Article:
The captains of our universities are all not trully respected international academicians all the acdemics will respect follow and set as examples. Now to make things worst they even have increased dramatically the number of professors in our universities. Are these local professors really qualified to hold the posts and are academically respected by their peers?

Theoretically with several hundred percent increase in professors in our universities we would have 'MENGANGKASAKAN UNIVERSITI KITA YG GEMILANG CEMERLANG TERBILANG" ???

There is something definitely wrong here. What we are facing is the MAXIMUM STATE OF DENIAL. The VC s should be earnest in improving the status of the universities. If they cant then we can conclude that they are not the right candidate to hold such posts.

What is even more surprising our Minister in MOHE couldnt see this. I am shocked to see the VCs of our public universities are even invited or 'forced' to attend this year UMNO convention. Is there something that UMNO is trying to tell us? hehe

Come on Mustapha. Stop the charade and hype sounding names and classifications. You are the education minister and you must take the rap and explain why the universoties decline and what steps you should take.

We have enough of this 'sandiwara' and ' wayang kulit' Maybe its high time for you to resign woth your failures of Apex and research universities

Anonymous said...

Even UM ranked at 246 is still generous. If THES remove all the points for international students and faculty, UM will fall further. THES ranking is biased against US universities. THES database of US universities is not complete. Peer survey participants were asked to choose from a drop-down menu of universities. So, if your university is not listed, you are just non-existent to them. Just imagine that there are 262 national universities in the US and if most of them were to be included, Malaysian universities will be way out of the picture. Take the Shanghai JiaoTung as a guide and you can see how far UM will slip.

Anonymous said...

Wonder if the former VC and the present VC of UKM will be crowing this year like before?

But the oscar will still go the former VC of UM BILL BOARD HASHIM!

Anonymous said...

Yes, the Shanghai JiaoTung has a stricter, research oriented ranking criteria. Perhaps UM's VC ought to be thankful for the flattering rank of 246 of the THES-QS. Banners anyone??

Anonymous said...

QS Quacquarelli Symonds Ltd managing director Nunzio Quacquarelli said Universiti Malaya (UM) was the highest ranked at 246, followed by Universiti Sains Malaysia (USM) at 307, Universiti Kebangsaan Malaysia (UKM) at 309 and Universiti Putra Malaysia (UPM) at 364.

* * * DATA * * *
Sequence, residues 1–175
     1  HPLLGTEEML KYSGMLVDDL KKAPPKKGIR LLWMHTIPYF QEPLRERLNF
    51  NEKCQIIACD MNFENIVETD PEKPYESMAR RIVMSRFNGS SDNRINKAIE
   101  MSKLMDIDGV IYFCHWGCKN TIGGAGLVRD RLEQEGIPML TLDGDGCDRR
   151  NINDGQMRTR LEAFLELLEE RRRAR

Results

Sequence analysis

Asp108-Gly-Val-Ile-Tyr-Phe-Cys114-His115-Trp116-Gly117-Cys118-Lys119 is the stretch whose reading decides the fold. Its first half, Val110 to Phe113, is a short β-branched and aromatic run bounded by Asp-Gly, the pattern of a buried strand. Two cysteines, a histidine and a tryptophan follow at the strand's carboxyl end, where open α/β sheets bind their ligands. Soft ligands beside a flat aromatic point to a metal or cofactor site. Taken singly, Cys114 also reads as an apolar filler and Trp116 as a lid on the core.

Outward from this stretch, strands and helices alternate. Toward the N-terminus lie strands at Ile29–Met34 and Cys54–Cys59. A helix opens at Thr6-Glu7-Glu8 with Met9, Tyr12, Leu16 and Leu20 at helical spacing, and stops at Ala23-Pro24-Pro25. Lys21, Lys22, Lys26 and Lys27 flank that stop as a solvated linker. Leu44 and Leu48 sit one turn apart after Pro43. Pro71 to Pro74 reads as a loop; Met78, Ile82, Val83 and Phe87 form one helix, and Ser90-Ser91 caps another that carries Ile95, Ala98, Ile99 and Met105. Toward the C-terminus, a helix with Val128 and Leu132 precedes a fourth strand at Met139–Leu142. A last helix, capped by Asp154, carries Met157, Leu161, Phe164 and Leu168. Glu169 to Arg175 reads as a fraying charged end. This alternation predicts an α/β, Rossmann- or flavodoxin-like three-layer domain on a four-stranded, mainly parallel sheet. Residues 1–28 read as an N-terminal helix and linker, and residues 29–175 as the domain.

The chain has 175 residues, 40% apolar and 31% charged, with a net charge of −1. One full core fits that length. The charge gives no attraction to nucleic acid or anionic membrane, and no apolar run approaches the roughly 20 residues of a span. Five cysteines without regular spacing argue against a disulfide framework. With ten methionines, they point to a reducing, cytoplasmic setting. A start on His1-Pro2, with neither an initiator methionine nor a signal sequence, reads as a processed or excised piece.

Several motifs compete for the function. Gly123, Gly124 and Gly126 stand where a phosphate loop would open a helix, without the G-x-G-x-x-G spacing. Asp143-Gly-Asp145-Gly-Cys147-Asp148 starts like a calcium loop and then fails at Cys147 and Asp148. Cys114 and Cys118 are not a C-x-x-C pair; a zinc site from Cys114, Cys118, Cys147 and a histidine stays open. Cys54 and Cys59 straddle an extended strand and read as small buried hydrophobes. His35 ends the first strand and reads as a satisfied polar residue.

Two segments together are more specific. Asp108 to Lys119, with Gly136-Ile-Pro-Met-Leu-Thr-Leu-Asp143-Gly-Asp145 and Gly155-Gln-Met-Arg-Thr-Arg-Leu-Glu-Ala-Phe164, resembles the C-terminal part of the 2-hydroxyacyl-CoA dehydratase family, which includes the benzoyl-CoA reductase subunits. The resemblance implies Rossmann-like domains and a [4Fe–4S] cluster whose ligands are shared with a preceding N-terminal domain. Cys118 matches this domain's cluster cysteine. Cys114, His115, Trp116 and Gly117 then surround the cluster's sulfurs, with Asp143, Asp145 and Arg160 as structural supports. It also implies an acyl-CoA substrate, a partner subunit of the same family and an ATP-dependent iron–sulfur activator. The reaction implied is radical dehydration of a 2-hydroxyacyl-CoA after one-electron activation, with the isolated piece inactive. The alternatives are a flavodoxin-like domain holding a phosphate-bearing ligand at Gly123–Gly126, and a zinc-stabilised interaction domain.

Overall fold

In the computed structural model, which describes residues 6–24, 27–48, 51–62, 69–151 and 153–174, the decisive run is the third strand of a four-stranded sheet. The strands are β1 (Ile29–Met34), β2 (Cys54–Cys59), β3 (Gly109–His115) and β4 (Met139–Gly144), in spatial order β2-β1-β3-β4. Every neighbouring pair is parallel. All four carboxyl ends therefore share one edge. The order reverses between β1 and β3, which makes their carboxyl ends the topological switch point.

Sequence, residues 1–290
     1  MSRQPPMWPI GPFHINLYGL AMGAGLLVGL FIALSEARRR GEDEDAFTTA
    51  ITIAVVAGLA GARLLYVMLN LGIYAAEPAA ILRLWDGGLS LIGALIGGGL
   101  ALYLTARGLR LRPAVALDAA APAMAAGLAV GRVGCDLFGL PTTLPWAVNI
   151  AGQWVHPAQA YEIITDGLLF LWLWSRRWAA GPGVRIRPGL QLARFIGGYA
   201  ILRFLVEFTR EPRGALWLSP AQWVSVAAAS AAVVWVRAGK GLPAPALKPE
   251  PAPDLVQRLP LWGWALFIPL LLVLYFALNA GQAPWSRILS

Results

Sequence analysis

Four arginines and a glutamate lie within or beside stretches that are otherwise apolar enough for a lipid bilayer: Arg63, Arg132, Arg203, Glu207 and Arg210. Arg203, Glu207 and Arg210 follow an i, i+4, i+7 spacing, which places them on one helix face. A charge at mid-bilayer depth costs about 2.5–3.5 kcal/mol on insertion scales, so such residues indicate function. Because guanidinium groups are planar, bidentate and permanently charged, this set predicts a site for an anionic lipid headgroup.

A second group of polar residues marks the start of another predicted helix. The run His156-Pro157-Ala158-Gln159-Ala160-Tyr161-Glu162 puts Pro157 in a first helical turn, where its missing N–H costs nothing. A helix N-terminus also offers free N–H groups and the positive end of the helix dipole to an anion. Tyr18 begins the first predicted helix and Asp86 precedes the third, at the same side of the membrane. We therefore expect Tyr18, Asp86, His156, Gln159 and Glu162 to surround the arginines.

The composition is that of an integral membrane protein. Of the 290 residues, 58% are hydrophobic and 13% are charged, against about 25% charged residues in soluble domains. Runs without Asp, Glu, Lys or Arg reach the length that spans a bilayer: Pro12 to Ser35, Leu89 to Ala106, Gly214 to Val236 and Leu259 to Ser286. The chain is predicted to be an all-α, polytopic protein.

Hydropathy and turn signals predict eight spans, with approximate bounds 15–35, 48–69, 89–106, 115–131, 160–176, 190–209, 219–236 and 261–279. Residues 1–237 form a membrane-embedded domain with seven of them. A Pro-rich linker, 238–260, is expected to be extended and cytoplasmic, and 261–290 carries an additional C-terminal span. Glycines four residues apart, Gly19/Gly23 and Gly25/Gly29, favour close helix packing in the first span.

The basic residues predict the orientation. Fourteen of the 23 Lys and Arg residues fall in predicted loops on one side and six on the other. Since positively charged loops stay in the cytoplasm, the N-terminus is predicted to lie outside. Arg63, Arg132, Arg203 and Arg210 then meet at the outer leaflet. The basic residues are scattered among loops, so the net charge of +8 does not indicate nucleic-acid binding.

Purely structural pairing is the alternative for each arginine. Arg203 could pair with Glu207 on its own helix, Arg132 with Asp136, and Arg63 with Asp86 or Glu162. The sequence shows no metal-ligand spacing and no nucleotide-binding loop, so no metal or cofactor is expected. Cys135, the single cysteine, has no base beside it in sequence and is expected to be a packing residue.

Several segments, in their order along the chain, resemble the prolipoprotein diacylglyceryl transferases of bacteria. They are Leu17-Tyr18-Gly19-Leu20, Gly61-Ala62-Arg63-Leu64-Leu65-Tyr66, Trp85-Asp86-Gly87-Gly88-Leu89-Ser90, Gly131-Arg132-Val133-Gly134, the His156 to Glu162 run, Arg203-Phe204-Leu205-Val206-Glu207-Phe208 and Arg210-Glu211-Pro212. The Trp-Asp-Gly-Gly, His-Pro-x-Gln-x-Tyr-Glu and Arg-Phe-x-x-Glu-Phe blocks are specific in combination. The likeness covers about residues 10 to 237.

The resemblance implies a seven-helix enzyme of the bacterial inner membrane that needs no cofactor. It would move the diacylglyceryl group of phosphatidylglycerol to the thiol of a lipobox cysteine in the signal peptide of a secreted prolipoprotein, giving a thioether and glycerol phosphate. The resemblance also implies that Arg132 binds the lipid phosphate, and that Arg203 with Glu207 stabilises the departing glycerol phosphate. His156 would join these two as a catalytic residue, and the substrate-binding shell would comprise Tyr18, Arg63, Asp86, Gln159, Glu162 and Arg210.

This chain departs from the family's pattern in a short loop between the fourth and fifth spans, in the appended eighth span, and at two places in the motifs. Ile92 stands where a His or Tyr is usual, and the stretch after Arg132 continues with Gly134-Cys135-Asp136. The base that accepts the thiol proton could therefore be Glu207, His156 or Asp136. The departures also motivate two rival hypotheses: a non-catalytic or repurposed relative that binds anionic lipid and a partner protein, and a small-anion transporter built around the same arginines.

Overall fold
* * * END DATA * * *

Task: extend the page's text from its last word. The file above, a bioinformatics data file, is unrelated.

Only very recently USM VC was so happy and proud with the survey results conducted locally.

How good is our local survey?

Anyway, the bottomline is the THES results had been very generous to our public universities. When more universities throughout the world are included in the list, our universities will drop further and further. No rocket science or rockets will push them up.

That's why it is much much easier to send a space tourist into space and claim a cheap thrill superiority - as well as to make people like Najib feeling taller and, maybe, longer.

Anonymous said...

Mustapa: "..publications, working paper presentations and academic networking at high impact conventions were the main factors that could help to propel efforts to enhance the quality of Malaysia's higher education system."....

They still don't get it. They still think mingling and rubbing shoulders at meetings, conferences, and exhibitions are the main factors to improve ranking. How are they going to talk if they cannot speak English properly, and what are they going to talk about if there is no significant data to present?
UM's VC is now asking for more funding. Maybe they should first look at how much money wasted for publicity stunts like hiring so-called experts for their namesakes. While at it, they should also look to see whether faculty members have interests in companies doing business (selling supplies, equipment, etc.) with their own universities.

Anonymous said...

I wonder what "good news" Mustapha and his stable of VC's will be telling AAB and the on going UNMO convention today?

Will he blush or will he commit sepuku or death by honour?

Anonymous said...

It is not always essential to be ranked top. but in general i feel there are few factors that are responsible for the overall education quality of malaysia. They are 1. The standard and mentality (i.e. not willing to learn and solve problems by themselves, rather copy from internet) of the students. 2. Poor quality and communication skills of lecturers. 3. Lack of world standard lecturers and promoting locals with less ability (e.g. MMU). 4. The management trying to put too much pressure/restrictions on the lecturers (e.g. MMU). 5. Focus on immidiate output rather than sustained growth. I feel the total approach taken by the lecturers and students are result oriented. Student are happy with their CGPA even though their basic knowledge/problem solving skill is really poor. And the lecturers are just giving lectures rather than teaching and making it possible for the students to get in to the bottom of the subject matter. About research, ppl tend to go for number of publications rather than quality of the research.